The Italian Almanac

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Centurions and Gladiators

Rome's costumed gladiators and centurions are about to be chased away from the Colosseum, the city announced. "Because they're illegal," said councilor for commerce Davide Bordoni. The city is launching a task force to keep the impersonators in leather tunics and armour from asking money from tourists for posing for pictures. The crackdown was ordered by Archeology Superintendent Maria Rosa Barbera, who also ordered licensed vendors to distance themselves from the monument during the Easter season.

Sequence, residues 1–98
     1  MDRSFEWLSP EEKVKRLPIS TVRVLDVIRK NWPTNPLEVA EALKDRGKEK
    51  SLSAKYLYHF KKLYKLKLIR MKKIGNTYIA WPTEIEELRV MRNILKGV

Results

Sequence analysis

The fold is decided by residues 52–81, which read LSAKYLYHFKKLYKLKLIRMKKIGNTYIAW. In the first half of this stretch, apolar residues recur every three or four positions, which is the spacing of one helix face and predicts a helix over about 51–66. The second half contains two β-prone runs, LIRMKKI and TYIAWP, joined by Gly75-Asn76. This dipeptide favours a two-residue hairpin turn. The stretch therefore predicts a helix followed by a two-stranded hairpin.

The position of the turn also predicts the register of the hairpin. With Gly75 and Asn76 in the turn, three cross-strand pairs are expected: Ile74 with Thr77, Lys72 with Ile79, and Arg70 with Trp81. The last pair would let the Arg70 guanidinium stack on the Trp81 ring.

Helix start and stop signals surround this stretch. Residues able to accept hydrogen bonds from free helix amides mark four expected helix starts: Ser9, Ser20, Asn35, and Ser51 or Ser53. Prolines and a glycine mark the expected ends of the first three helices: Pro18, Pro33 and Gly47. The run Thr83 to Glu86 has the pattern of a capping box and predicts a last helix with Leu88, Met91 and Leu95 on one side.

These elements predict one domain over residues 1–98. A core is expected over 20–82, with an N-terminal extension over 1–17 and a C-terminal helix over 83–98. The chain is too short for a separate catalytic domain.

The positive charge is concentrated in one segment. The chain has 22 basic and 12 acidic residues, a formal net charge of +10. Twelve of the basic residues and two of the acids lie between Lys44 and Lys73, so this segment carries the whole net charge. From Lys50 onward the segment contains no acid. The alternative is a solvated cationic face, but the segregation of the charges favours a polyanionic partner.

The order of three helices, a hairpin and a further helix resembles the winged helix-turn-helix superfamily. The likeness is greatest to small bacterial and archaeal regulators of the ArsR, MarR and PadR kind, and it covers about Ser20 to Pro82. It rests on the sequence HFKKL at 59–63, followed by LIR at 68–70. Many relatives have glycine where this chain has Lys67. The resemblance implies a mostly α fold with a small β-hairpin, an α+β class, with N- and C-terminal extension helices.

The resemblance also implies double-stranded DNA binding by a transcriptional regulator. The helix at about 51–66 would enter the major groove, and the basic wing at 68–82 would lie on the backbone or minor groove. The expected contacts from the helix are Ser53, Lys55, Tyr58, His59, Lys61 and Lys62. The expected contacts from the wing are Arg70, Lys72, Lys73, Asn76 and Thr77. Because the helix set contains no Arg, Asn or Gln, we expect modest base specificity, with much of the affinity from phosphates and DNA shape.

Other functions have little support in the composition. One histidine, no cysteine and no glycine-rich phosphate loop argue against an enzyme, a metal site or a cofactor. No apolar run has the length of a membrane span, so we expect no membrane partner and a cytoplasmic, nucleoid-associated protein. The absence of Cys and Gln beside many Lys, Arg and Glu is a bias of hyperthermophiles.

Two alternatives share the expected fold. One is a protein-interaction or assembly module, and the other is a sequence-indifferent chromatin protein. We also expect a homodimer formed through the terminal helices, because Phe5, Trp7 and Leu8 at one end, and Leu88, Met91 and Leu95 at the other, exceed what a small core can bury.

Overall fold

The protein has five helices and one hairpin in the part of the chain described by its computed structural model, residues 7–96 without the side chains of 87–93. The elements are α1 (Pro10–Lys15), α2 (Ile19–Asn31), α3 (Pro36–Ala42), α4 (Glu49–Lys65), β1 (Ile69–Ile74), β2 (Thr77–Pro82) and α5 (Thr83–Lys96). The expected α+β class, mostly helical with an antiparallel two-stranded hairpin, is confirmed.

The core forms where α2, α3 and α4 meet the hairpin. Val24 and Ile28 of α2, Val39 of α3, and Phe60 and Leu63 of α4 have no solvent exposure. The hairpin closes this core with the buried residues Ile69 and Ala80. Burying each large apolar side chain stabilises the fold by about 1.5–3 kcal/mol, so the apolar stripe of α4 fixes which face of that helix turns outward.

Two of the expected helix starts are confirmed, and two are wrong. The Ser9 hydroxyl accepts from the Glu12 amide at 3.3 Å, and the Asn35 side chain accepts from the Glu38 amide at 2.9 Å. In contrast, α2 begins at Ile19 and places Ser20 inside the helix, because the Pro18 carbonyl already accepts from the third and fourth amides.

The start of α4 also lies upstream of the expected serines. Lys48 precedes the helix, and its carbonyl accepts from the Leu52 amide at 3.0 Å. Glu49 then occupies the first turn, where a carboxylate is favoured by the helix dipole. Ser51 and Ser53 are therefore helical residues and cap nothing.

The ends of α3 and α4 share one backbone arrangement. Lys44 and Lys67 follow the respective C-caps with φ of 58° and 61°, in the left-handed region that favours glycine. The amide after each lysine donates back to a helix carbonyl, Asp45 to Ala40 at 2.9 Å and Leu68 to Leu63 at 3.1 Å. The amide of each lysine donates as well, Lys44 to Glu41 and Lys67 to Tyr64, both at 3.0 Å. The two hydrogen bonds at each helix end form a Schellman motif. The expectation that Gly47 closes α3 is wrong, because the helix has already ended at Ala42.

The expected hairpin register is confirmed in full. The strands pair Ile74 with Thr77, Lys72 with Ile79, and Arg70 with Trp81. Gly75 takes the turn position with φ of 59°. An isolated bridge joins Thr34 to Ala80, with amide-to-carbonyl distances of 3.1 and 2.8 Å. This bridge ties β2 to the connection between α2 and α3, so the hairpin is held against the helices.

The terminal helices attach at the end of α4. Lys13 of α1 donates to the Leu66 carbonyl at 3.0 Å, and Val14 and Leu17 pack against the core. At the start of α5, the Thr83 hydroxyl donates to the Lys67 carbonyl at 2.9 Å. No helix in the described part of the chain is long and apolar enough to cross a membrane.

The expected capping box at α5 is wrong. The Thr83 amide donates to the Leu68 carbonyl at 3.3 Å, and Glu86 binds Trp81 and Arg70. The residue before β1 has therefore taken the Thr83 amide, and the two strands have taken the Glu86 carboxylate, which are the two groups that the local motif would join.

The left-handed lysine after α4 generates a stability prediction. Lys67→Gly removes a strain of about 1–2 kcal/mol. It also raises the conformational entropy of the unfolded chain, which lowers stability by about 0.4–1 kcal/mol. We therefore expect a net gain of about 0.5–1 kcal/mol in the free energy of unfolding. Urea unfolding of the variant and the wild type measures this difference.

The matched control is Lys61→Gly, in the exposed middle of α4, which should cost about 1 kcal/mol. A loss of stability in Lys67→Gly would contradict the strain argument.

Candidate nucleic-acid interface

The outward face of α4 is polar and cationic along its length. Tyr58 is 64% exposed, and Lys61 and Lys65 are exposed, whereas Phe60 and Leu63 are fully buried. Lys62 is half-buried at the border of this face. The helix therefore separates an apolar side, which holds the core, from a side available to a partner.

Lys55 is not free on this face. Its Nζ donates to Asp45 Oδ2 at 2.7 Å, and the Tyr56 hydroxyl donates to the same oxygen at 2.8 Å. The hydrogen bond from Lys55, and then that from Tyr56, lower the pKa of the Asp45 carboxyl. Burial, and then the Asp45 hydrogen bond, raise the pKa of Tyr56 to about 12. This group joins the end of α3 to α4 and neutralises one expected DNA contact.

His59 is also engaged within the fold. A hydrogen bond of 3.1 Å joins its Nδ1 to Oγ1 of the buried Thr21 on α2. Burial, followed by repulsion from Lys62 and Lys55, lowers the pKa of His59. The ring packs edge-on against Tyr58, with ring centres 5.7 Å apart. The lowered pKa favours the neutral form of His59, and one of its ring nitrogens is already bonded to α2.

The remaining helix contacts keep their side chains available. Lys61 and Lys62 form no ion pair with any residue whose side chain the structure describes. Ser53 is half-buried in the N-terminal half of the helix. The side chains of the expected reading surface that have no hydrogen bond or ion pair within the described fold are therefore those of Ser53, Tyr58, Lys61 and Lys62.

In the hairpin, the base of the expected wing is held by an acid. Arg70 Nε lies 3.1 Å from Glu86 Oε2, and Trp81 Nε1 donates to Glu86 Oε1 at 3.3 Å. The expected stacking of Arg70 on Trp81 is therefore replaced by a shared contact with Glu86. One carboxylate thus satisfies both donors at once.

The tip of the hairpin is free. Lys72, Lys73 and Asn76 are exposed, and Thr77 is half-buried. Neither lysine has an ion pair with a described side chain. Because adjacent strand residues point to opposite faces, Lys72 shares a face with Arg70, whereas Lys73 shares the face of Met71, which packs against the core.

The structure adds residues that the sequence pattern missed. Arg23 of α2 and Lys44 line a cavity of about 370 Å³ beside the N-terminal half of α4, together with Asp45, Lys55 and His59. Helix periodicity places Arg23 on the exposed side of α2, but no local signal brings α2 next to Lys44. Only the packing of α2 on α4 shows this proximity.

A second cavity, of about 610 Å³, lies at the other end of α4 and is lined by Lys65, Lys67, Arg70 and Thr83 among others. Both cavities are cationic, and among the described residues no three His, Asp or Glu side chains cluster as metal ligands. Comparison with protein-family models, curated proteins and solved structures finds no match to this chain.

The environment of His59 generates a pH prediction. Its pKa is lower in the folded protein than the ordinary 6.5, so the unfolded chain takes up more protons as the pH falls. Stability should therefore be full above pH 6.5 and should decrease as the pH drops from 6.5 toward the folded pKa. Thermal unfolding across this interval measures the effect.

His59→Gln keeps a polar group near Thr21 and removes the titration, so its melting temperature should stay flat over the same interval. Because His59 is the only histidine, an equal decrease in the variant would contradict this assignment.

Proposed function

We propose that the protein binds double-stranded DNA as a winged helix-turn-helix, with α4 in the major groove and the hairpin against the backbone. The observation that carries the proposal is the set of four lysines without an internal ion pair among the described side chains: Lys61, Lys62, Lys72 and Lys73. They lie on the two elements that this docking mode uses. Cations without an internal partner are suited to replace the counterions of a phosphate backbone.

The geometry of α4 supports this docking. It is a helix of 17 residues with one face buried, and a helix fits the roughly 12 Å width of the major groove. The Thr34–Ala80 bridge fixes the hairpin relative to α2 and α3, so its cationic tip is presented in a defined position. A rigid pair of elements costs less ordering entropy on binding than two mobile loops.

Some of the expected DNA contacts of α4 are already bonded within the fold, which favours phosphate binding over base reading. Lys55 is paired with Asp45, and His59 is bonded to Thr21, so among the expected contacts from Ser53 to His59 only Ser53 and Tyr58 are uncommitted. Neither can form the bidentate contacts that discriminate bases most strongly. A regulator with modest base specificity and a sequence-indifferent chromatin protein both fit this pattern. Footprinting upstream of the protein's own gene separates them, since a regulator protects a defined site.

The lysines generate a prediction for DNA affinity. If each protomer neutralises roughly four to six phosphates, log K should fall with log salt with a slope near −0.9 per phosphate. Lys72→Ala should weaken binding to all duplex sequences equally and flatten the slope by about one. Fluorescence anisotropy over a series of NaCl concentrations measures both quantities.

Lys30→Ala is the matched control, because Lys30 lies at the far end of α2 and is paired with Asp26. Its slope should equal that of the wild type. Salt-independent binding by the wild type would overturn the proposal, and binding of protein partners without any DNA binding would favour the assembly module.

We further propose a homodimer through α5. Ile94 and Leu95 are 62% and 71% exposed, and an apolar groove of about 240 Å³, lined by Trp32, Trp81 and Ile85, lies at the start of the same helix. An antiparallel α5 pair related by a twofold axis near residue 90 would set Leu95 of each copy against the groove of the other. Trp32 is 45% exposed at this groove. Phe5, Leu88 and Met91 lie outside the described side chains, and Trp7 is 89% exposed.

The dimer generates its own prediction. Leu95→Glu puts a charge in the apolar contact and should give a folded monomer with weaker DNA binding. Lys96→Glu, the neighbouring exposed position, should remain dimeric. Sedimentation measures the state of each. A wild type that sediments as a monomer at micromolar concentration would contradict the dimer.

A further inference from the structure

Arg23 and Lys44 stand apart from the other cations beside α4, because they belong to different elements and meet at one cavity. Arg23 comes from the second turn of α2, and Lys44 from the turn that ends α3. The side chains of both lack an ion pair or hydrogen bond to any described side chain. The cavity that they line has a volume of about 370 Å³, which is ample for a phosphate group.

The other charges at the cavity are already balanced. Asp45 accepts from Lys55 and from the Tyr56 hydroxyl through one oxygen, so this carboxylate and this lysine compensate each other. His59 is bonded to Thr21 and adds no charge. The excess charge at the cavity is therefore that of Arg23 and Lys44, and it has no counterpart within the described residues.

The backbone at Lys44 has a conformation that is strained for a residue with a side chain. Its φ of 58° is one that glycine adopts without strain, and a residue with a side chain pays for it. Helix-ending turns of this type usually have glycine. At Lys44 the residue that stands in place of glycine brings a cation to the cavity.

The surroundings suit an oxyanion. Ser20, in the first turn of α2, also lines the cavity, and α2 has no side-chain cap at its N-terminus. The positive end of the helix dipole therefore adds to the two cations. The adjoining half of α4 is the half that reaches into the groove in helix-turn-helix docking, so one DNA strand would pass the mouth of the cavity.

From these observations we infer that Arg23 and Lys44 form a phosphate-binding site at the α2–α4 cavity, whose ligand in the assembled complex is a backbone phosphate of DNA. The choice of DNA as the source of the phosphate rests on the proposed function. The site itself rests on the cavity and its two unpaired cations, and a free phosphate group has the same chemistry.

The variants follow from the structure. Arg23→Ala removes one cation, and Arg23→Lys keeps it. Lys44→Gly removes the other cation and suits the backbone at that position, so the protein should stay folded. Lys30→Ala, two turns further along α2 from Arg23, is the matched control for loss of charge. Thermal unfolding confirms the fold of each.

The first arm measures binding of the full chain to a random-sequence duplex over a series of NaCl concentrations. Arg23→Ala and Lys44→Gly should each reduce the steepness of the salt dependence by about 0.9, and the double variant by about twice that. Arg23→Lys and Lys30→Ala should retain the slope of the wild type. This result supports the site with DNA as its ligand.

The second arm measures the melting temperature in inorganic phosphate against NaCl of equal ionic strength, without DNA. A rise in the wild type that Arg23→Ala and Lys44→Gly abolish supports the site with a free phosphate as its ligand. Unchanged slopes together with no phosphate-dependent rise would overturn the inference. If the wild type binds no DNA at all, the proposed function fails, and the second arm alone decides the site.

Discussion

The centurions and gladiators are still allowed to work elsewhere in Rome such as along the road leading up to the Colosseum, the Trevi Fountain or in the Renaissance Piazza Navona where they are a mainstay. While the performers say they only ask for small donations, police say they can take home as much as 200 euros per day, income for which they allegedly never pay taxes.

Over the years, the city has gone back and forth on enforcing its policy against the fake warriors. In 2003, 25 performers protested for months and even scaled the Colosseum when the city refused to authorize work permits in the area.